In 2015 it’s a bold move to release a purely instrumental album of expertly-composed violin and horn parts. Hell, it’s probably been a bold — or rather, unprofitable — move for at least the last decade, if not longer. Though classical and compositional works still occupy a respected place in culture, the majority of listeners simply won’t engage with a tangled, enigmatic, and difficult-to-process album like Colin Stetson and Sarah Neufeld’s Never Were The Way She Was. Perhaps that’s what makes this album full of tense, mythical movements seem so regal — it’s a rare feat.
Previously, I wrote about how “The Sun Roars Into View” felt like a frightening, visceral thing of beauty. The rest of the album continues in that vein — “With The Dark Hug Of Time” growls and buzzes like a gritty scene from Saw; the title track lurches like a vacuum cleaner on the edge of a cliff. It’s Neufeld’s patient, soothing violin that often keep these songs from drifting into full-blown drone territory, but even the string section grows teeth at times, like the stinging, discordant moments of “In The Vespers.” Listening to this album is much more like watching a horror film, you have to pay attention to the interplay of light and dark, but it’ll keep you on the edge of your seat if you follow the carefully plotted action. (They’ve even outlined a mini-narrative for you here.) Listen below.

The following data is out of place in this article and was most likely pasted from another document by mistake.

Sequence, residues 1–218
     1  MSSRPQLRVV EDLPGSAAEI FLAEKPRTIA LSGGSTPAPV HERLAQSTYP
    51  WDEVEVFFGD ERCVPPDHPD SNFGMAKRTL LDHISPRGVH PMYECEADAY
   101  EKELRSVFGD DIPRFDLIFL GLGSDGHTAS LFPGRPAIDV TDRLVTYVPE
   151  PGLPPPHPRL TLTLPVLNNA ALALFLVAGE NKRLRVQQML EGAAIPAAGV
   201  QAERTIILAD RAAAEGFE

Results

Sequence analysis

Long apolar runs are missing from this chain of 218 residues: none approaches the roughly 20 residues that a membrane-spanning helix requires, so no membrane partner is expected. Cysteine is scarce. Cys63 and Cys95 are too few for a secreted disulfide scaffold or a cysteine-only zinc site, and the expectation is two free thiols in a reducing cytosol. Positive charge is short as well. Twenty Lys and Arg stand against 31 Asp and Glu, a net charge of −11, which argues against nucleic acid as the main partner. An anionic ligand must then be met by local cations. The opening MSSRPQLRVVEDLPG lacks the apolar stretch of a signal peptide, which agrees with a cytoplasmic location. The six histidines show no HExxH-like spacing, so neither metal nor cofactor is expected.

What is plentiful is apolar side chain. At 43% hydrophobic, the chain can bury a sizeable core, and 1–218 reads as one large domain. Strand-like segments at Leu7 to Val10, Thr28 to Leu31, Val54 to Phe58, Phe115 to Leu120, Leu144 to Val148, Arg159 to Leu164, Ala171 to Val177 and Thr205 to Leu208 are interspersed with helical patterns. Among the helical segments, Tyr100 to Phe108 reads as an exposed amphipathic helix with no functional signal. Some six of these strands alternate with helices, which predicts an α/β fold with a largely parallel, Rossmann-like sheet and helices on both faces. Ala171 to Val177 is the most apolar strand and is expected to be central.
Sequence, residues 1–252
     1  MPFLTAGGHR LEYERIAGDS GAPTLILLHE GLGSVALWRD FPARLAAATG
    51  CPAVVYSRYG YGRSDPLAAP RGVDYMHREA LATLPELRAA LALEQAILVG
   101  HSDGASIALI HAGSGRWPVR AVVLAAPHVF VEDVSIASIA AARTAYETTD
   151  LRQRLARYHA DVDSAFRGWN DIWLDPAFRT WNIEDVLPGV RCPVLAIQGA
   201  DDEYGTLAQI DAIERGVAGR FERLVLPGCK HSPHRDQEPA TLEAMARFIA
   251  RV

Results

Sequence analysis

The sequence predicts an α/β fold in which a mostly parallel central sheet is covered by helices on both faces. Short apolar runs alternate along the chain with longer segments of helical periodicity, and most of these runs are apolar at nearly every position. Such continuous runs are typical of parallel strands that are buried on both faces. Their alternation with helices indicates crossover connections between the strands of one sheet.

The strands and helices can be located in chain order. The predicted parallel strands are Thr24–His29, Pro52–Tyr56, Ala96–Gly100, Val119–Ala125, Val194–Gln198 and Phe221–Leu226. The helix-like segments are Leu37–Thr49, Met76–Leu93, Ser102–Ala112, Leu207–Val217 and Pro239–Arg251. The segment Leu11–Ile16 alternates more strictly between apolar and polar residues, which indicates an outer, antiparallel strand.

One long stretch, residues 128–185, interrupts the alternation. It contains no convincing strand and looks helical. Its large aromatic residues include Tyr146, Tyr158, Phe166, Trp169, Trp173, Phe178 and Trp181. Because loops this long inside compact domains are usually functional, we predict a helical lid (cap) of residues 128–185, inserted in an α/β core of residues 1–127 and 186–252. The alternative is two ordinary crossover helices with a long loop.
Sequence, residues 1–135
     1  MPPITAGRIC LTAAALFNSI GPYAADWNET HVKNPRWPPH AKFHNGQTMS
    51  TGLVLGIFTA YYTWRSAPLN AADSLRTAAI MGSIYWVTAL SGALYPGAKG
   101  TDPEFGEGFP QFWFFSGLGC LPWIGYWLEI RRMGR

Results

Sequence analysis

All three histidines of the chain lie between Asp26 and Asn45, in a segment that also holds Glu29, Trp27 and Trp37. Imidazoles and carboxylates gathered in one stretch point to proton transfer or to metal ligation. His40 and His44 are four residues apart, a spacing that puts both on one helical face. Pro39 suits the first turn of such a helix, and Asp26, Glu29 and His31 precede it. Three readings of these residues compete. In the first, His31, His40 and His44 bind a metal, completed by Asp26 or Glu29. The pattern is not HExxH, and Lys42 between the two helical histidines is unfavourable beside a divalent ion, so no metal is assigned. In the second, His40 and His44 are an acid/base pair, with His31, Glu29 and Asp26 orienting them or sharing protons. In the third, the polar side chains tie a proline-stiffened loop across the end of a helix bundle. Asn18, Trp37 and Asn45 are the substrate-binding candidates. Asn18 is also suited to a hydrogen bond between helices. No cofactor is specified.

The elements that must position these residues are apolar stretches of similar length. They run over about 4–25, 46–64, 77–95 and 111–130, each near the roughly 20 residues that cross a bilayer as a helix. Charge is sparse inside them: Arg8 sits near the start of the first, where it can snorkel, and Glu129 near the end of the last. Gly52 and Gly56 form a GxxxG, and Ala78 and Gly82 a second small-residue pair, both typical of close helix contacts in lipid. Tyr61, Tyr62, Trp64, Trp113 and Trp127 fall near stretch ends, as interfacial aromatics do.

Never Were The Way She Was will be out 4/28 via Constellation.